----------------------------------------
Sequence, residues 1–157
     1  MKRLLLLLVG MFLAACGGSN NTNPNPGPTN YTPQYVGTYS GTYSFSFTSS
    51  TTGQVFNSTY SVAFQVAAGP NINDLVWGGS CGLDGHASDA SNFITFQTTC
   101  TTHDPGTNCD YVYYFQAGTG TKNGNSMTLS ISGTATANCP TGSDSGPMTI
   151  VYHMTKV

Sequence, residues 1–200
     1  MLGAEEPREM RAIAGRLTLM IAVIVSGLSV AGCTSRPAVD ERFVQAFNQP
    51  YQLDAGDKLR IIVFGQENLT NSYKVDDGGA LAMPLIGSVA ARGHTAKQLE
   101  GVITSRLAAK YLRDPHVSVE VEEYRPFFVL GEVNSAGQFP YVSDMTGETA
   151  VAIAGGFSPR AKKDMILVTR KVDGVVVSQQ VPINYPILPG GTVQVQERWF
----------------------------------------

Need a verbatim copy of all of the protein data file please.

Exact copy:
Sequence, residues 1–157
     1  MKRLLLLLVG MFLAACGGSN NTNPNPGPTN YTPQYVGTYS GTYSFSFTSS
    51  TTGQVFNSTY SVAFQVAAGP NINDLVWGGS CGLDGHASDA SNFITFQTTC
   101  TTHDPGTNCD YVYYFQAGTG TKNGNSMTLS ISGTATANCP TGSDSGPMTI
   151  VYHMTKV

Sequence, residues 1–200
     1  MLGAEEPREM RAIAGRLTLM IAVIVSGLSV AGCTSRPAVD ERFVQAFNQP
    51  YQLDAGDKLR IIVFGQENLT NSYKVDDGGA LAMPLIGSVA ARGHTAKQLE
   101  GVITSRLAAK YLRDPHVSVE VEEYRPFFVL GEVNSAGQFP YVSDMTGETA
   151  VAIAGGFSPR AKKDMILVTR KVDGVVVSQQ VPINYPILPG GTVQVQERWF